one has the words, “Mentally Retarded” in cotton candy pink right under
Hepatitis C. Paper number two has the phrase, “Brain Damage” in the
same pink right under HIV. I remind myself to focus and look back at
the doctor. I am still smiling.
He says about three more sentences when something sparks in my brain.
First it is hazy, foggy, like I am swimming under water. I actually
shake my head a little to clear it. And then my brain focuses on what he
I put my hand up. “Stop talking for a minute. Did you just say that
Amelia shouldn’t have the transplant done because she is mentally
retarded. I am confused. Did you really just say that?”
The tears. Oh, the damn tears. Where did they come from? Niagara Falls.
All at once. There was no warning. I couldn’t stop them. There were no
tissues in conference room so I use my sleeve and my hands and I keep
wiping telling myself to stop it.
I point to the paper and he lets me rant a minute. I can’t stop
pointing to the paper. “This phrase. This word. This is why she can’t
have the transplant done.”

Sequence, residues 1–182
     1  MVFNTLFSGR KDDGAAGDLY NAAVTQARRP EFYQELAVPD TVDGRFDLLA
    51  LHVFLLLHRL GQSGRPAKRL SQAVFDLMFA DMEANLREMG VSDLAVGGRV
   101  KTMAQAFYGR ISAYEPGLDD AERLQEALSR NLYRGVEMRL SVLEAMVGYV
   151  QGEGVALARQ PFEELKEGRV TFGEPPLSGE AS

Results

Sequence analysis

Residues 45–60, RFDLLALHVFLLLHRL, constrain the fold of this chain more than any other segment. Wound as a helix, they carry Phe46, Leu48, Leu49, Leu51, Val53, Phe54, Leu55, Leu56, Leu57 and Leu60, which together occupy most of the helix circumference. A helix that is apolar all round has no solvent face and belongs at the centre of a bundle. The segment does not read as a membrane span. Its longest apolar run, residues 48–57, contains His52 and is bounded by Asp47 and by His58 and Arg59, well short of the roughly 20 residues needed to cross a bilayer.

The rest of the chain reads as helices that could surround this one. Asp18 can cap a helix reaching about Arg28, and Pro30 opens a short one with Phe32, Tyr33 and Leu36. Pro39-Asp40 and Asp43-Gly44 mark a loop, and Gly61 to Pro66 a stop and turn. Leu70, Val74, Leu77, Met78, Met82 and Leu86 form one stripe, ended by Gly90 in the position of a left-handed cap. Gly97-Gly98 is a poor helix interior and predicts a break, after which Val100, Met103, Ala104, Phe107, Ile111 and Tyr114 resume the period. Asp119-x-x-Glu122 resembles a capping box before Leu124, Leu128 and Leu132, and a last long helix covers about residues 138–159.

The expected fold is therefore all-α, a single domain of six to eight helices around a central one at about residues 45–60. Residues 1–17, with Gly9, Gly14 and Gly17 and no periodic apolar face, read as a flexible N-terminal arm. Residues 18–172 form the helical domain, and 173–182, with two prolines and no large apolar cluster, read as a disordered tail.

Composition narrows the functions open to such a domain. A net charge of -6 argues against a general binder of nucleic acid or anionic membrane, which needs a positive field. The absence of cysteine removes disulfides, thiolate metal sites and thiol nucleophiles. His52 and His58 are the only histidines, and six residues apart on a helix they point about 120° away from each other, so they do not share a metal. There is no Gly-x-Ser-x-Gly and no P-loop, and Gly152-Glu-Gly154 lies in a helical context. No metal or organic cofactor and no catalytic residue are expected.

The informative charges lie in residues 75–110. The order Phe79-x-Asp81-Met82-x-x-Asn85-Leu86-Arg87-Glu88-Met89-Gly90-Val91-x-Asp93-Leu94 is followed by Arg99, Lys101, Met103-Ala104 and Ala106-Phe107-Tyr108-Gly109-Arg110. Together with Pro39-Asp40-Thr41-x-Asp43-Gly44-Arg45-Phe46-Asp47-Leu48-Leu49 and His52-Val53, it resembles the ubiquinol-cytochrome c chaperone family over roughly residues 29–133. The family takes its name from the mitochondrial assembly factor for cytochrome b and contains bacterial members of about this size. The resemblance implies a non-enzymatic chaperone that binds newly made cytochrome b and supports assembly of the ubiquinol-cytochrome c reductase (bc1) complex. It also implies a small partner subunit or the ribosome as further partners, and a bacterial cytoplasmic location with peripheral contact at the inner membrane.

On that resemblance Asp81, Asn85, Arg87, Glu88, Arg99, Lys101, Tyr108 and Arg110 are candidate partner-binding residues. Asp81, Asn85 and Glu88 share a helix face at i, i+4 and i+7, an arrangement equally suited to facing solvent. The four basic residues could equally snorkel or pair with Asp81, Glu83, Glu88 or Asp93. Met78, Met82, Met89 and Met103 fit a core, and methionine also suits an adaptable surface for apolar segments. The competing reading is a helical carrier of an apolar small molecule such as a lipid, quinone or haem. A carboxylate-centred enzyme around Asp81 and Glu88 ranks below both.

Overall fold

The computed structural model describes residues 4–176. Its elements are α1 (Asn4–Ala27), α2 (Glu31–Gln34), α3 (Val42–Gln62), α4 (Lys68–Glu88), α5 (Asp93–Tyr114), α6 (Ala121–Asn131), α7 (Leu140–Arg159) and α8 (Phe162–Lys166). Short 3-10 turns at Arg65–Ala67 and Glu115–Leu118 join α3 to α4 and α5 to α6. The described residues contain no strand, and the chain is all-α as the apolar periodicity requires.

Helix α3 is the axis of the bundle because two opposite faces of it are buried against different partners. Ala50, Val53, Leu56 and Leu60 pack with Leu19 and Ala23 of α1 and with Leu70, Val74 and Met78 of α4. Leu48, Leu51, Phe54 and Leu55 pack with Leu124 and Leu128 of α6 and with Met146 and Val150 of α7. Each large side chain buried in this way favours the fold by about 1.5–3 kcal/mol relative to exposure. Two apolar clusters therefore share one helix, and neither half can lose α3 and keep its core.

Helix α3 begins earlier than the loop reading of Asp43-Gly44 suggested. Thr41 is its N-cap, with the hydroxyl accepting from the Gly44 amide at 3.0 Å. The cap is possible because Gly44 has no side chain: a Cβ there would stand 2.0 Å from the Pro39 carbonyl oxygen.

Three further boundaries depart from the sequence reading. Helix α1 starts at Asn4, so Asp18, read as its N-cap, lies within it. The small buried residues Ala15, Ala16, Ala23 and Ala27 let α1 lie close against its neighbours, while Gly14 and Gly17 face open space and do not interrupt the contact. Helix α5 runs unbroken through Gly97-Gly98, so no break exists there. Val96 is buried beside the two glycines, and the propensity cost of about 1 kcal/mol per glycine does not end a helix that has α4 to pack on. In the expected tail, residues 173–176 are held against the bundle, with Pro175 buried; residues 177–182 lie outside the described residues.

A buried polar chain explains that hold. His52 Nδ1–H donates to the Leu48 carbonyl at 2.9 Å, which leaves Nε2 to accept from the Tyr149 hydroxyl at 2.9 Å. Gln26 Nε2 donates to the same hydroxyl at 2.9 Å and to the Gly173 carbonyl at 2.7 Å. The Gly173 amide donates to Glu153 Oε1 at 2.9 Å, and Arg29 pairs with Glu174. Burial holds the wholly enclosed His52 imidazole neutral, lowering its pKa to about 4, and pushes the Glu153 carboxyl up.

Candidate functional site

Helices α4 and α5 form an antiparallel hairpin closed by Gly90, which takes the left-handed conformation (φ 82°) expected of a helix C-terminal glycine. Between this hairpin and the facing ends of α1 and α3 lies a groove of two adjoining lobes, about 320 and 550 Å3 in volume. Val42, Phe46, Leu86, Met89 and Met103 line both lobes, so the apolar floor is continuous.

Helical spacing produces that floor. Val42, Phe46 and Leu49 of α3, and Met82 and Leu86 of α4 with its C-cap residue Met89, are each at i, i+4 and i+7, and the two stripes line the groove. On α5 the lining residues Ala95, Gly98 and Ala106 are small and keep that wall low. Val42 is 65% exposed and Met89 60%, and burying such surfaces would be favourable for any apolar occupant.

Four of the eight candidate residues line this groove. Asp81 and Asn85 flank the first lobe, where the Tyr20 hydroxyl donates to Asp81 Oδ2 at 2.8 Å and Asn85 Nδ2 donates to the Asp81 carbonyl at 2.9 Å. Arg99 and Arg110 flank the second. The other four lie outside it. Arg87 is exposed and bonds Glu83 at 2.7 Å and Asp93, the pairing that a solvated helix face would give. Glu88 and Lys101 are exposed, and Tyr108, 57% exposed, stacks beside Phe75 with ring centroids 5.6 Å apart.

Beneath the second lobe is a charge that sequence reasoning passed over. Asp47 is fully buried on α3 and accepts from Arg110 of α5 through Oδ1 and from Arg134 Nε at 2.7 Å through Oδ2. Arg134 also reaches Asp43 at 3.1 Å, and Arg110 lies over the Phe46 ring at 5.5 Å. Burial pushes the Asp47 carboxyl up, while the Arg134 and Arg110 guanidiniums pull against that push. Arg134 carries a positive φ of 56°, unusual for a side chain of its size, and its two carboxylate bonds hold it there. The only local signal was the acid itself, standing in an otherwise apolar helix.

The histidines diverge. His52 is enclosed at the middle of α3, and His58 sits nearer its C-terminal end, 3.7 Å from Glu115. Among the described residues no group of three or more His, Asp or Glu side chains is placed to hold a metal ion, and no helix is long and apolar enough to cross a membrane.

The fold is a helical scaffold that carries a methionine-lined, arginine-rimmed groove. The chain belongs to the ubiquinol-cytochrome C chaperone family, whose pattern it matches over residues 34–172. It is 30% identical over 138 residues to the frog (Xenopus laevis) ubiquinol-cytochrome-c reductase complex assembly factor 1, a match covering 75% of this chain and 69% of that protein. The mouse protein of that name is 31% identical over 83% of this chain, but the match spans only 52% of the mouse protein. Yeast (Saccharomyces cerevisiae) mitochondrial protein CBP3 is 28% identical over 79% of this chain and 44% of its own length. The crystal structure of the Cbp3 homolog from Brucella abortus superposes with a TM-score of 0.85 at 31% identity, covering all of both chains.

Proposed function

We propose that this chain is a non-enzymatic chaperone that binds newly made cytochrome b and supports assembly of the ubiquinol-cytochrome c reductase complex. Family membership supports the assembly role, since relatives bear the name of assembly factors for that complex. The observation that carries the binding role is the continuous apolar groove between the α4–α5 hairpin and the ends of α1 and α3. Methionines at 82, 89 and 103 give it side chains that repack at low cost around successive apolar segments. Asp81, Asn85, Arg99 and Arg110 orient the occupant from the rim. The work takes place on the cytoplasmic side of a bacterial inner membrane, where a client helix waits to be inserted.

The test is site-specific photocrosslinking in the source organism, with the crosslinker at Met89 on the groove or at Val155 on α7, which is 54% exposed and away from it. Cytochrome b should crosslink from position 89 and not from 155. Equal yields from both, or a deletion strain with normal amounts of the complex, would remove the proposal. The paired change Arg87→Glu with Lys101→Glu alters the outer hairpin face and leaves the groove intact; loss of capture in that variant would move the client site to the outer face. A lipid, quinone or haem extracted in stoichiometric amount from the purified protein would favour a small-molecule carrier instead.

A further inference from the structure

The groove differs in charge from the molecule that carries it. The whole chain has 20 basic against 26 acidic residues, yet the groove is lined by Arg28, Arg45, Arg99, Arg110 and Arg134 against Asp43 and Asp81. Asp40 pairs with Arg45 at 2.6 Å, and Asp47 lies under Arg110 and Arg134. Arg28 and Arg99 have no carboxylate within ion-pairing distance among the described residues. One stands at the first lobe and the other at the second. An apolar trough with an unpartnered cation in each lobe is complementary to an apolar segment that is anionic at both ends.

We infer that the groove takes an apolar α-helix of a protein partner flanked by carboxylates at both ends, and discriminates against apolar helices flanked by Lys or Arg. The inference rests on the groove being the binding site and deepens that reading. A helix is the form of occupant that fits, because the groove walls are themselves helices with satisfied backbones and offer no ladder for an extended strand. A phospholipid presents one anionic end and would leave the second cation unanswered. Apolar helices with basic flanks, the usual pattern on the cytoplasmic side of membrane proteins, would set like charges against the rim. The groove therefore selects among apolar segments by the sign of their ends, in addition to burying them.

I begin to shake. My whole body trembles and he begins to tell me how
she will never be able to get on the waiting list because she is
A bit of hope. I sit up and get excited.
“Oh, that’s ok! We plan on donating. If we aren’t a match, we come from
a large family and someone will donate. We don’t want to be on the
list. We will find our own donor.”
“Noooo. She—is—not—eligible –because—of—her—quality– of
–life—Because—of—her—mental—delays” He says each word very slowly as if I
am hard of hearing.
“STOP IT NOW!” The anger is taking over. Thank God. Why did it take so long to get here?
The social worker is writing some things down. Not sure what. She
casually gets up to take a call. My eyes follow her to the phone and I
see Joe’s face. His mouth is open, his face is pale and he is staring
straight ahead of him at the white board.
Rage fills the room. I point in his little, brown pudgy face. “Do not